I’ve been thinking about the new Framework for Information Literacy for Higher Education (PDF). I was never a big fan of the current ACRL Standards, mainly because I find them too unwieldy – 5 standards, 22 performance indicators, 71 outcomes, if I counted correctly. I much prefer Ranganathan’s Laws for their directness and simplicity. Less legal mumbo-jumbo and more poetry. The other issue with the standards is that they seem to reduce information literacy to using the library to write undergraduate research papers. The ACRL came out with standards for visual literacy a few years ago, which basically substitute “visual” for “information”, which further cements that reductive view. As I see it, information comes in many formats and flows through many channels, and we may come up with new formats and channels at times. So an expansive view of information is in order.
The Framework is built around a set of information literacy threshold concepts. I’m just going to jump over the literacy threshold and call them information concepts. It’s easier that way. They’re not quite up to the standard of Ranganathan’s Laws, but they flow off the tongue a little better than things like “The information literate student understands many of the economic, legal, and social issues surrounding the use of information and accesses and uses information ethically and legally.” Here are my primitive thoughts on each frame.
Scholarship is a conversation
Conversation implies an interaction among voices, meaning people are writing to be read, and writing based on reading. Standing on the shoulders of others, as it were. Conversations also shift and evolve over time. Old ideas get revised and refuted. New ideas get discussed and debated. Knowledge doesn’t stand still. Conversations have language, which may be specialized or esoteric. And conversations can be open – we can join in, contribute and ask questions – if we have enough of an understanding of the language to participate.
How are our students engaging with scholarly conversation?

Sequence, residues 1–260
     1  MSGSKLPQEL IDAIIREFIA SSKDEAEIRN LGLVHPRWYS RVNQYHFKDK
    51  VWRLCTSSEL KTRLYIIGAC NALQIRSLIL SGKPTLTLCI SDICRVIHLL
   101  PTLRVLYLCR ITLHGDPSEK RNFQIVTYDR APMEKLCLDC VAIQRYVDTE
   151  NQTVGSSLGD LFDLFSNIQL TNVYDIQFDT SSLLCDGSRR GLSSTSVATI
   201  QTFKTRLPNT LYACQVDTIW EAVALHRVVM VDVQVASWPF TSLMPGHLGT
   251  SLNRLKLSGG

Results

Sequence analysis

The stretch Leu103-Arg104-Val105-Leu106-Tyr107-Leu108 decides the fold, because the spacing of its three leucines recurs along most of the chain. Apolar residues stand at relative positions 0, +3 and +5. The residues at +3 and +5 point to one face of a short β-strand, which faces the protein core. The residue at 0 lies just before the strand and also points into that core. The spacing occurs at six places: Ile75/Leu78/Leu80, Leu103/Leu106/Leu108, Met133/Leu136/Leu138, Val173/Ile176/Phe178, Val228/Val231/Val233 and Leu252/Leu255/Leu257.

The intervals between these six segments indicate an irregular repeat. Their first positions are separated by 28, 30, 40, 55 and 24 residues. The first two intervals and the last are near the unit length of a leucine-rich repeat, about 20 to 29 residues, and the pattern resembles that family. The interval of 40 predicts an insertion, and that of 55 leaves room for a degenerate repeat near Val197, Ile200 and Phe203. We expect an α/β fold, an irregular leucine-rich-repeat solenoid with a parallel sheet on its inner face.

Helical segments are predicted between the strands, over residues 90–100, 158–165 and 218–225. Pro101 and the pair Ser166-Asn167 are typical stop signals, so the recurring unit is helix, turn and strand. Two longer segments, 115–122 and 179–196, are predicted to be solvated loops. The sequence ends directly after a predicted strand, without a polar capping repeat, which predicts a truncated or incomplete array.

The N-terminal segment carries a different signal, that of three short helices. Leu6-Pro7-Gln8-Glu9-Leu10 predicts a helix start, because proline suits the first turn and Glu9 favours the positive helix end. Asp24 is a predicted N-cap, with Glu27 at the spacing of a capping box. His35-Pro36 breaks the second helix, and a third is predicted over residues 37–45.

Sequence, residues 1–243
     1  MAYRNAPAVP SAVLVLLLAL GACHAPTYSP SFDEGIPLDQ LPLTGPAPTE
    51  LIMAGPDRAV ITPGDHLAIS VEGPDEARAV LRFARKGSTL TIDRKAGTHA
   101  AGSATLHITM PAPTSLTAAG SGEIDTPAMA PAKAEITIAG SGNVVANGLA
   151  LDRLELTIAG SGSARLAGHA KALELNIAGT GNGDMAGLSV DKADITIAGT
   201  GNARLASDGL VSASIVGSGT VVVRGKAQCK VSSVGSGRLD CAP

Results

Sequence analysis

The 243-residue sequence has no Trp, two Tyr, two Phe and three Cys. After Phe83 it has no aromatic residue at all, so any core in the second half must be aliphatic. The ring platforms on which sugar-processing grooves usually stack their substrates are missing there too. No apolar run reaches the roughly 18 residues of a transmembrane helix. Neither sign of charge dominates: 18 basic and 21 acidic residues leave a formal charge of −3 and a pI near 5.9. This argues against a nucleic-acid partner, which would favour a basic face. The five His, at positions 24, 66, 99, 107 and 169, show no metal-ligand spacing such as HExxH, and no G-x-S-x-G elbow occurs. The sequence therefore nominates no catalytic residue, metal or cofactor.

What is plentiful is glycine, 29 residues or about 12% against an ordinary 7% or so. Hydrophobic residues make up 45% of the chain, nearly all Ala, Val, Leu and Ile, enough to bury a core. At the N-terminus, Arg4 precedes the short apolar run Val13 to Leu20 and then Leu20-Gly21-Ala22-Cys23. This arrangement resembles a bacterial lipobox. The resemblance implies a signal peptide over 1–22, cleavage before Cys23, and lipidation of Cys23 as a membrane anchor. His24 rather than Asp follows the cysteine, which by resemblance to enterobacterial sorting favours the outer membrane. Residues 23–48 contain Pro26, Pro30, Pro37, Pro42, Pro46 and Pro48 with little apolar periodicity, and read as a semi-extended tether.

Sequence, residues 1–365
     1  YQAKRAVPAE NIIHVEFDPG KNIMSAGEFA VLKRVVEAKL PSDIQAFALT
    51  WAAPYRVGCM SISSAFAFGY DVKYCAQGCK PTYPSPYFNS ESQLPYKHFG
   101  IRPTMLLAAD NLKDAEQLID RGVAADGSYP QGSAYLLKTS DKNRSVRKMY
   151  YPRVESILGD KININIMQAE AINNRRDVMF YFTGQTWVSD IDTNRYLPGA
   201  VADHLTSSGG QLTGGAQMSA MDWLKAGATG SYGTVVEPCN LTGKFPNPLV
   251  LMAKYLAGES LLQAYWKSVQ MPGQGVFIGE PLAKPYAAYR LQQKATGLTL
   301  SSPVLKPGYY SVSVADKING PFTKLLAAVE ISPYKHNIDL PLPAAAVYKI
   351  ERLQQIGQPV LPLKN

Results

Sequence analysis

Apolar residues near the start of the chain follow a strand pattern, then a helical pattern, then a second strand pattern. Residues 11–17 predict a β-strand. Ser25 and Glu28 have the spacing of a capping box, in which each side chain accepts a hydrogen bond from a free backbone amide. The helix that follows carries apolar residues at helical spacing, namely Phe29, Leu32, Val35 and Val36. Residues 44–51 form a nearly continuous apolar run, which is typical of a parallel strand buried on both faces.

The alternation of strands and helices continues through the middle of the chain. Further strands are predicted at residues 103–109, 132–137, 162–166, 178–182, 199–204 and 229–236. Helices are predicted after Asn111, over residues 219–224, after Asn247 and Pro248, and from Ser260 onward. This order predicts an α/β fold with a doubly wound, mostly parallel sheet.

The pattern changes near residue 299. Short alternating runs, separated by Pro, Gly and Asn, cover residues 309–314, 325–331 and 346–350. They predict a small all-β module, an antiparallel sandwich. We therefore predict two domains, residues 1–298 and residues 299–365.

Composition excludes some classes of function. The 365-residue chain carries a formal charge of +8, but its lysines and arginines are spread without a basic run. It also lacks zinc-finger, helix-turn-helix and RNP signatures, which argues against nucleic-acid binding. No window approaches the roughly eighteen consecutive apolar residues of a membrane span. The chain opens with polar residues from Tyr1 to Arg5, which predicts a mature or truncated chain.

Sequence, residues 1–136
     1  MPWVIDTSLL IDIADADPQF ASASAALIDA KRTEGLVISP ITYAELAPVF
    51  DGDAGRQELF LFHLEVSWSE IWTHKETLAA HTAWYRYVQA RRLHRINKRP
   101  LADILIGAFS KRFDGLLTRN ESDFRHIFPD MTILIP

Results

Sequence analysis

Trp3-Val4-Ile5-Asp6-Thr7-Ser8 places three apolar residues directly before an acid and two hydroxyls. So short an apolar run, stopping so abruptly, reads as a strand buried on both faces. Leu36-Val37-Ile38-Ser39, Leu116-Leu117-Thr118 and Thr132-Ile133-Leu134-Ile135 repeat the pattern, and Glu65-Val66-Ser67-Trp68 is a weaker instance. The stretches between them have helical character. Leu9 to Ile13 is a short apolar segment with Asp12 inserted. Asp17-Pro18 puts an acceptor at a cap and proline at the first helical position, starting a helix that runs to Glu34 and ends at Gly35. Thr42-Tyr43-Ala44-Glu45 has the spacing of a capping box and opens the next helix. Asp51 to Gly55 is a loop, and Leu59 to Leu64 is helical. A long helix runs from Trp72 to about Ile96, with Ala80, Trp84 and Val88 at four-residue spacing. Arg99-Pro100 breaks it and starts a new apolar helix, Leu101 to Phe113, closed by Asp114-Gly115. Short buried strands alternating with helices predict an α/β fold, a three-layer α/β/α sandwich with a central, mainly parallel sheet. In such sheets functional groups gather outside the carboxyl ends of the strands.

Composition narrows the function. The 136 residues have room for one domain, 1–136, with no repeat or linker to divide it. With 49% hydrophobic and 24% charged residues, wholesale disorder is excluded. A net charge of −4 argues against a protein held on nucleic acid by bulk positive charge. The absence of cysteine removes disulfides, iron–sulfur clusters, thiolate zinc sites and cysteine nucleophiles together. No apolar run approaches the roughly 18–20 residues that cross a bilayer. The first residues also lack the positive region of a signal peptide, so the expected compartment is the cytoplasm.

Research as inquiry
It’s about questions more than answers. It’s never really done. We gain knowledge and understanding through exploring ideas, and that knowledge and understanding leads us to ask further questions.
How are our students engaging in inquiry?
Authority is constructed and contextual
A person’s reputation is built from accomplishments and experiences, and the community’s evaluation of them. Reputation and expertise in one area may not transfer to another.
How do our students question/evaluate authority?
Format as a process
The online environment can obscure the format of information products. Newspapers, research journals, and encyclopedias may all look like websites online, but there are different processes that go into generating different products in the information cycle. An awareness and understanding of those process is key to evaluating the information.
How do our students understand the information cycle?
Searching as exploration
It’s looking around, not just looking something up. Solving a complex problem may require multiple diverse resources, which may need to be sought through a variety of methods and strategies. Exploration means going beyond what is online to other types of documents, and beyond what is written down to human and institutional knowledge. This entails learning how to make observations and how to ask good questions.
How do our students engage in exploration?
Information has value
Value has a number of implications with regards to ownership and economics. We place on the information we create, and on information about us. We, as a society, negotiate this value, and also rights of ownership. Social, economic and political factors come to play in these negotiations, and impact what we can do with information and how we use it.
How do our students understand the value of information?